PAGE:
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“Within the Journal, patients create the agenda while healthcare providers and patients together evaluate the data and develop new ideas...I have seen how this opening up of dialogue, the letting in of some fresh air, has sped up the progress of our ideas about fibromyalgia. Congratulations to Fibromyalgia Network on a job well done!"
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DVA Medical Center, NY


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Novel Way to Aid Sleep, Relieve Anxiety in Fibromyalgia

Posted: February 26, 2008

Kim Jones, Ph.D., F.N.P., and the team at Oregon Health & Sciences University in Portland, have shown that growth hormone secretion from the brain's hypothalamus-pituitary system is substantially low in one-third of fibromyalgia patients. Growth hormone is needed in the body for repairing muscle tissues, and inadequate amounts of this hormone could lead to tiny tears in the muscles that eventually generate pain. In fact, a trial to use growth hormone to treat fibromyalgia showed benefit, but this injectable medicine is rarely prescribed because it is costly and not covered by insurance.

The Oregon team tried two relatively inexpensive methods to boost growth hormone production in 165 patients with fibromyalgia during a six-month period.* One method was for patients to take pyridostigmine (PYD), a drug that is used to increase acetylcholine but it also enhances growth hormone secretion. The patients in the PYD group took 60 mg of this medication three times a day (after a dosing up period). The other method was for patients to join a group-exercise program designed for fibromyalgia, because in healthy people exercise is touted as beneficially increasing growth hormone secretion. People in the exercise group met for one hour three times a week.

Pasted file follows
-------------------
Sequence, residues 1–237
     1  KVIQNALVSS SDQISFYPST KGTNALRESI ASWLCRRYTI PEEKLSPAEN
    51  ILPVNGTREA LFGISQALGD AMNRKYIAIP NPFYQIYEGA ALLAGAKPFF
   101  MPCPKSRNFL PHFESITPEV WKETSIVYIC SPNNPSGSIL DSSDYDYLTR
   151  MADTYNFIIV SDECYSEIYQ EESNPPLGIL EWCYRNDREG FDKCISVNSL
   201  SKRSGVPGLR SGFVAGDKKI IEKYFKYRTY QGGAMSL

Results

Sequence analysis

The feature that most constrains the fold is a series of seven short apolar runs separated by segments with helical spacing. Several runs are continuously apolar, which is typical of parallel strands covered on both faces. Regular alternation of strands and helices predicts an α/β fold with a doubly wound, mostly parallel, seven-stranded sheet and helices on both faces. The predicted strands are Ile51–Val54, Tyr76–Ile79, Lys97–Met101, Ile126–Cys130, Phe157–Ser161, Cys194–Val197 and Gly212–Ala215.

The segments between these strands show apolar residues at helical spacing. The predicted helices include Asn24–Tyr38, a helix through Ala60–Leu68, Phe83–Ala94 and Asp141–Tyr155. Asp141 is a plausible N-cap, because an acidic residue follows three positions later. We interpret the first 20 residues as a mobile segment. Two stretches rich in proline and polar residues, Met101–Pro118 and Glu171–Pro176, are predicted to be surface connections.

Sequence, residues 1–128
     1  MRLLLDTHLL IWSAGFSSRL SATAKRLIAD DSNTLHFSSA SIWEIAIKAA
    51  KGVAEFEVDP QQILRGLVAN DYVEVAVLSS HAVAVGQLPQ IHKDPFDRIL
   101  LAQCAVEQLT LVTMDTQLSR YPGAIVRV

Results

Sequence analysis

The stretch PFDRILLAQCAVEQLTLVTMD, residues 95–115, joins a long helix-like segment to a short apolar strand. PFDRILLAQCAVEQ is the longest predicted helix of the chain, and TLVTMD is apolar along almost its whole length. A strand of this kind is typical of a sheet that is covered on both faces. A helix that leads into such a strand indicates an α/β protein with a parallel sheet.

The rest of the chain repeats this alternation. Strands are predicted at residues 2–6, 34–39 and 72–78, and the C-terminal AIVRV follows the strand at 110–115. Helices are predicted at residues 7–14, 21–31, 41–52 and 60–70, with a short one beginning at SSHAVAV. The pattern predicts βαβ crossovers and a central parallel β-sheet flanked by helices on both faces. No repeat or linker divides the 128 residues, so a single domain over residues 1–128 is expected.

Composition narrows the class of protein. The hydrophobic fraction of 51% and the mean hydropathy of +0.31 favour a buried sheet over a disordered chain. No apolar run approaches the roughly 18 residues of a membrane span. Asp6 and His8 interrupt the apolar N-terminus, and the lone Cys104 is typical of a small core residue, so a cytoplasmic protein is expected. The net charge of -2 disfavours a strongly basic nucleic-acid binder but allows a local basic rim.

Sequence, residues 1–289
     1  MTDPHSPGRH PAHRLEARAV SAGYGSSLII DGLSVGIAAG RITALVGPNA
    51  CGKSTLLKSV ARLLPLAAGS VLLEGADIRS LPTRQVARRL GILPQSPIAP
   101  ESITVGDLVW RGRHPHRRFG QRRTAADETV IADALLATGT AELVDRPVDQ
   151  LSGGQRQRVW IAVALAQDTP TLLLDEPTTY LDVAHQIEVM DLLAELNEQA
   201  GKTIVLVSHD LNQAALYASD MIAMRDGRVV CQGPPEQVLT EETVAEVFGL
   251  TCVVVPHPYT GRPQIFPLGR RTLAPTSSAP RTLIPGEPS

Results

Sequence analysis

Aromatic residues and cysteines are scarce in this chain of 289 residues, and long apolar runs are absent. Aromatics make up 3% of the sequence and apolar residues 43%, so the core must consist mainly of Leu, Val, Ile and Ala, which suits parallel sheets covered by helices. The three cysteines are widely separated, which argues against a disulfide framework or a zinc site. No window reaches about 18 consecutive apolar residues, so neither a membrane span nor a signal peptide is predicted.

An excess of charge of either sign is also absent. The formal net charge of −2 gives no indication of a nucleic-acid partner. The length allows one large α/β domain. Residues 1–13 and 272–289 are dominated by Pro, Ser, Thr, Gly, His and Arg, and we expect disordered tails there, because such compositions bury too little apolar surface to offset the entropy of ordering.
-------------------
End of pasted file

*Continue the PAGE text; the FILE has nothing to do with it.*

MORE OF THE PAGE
As it turned out, neither PYD or exercise increased growth hormone secretion in the fibromyalgia patients during the six-month trial. However, PYD was found to significantly improve the patient’s rating of sleep and anxiety.

The authors said they were intrigued by the improvements in sleep and speculate that the PYD may be working to improve the activity in the parasympathetic branch of the autonomic nervous system. The parasympathetic branch is the body's "rest and digest" control system. It transmits signals mostly through the use of acetylcholine, which is increased by PYD. Many studies have linked reduced parasympathetic activity to sleep disturbances, so taking PYD could be a novel way to improve your sleep.

Only two of the 106 patients assigned to take PYD dropped out of the study because of drug side effects, so in general, PYD is fairly well tolerated. The side effects of PYD include abdominal pain, diarrhea (helpful if you are constipated), and muscle cramping or twitching. PYD is a prescription medication that has been around a long time, is inexpensive, and available as a generic.

* Jones KD, et al. Arthritis & Rheum 58(2):612-22, 2008.

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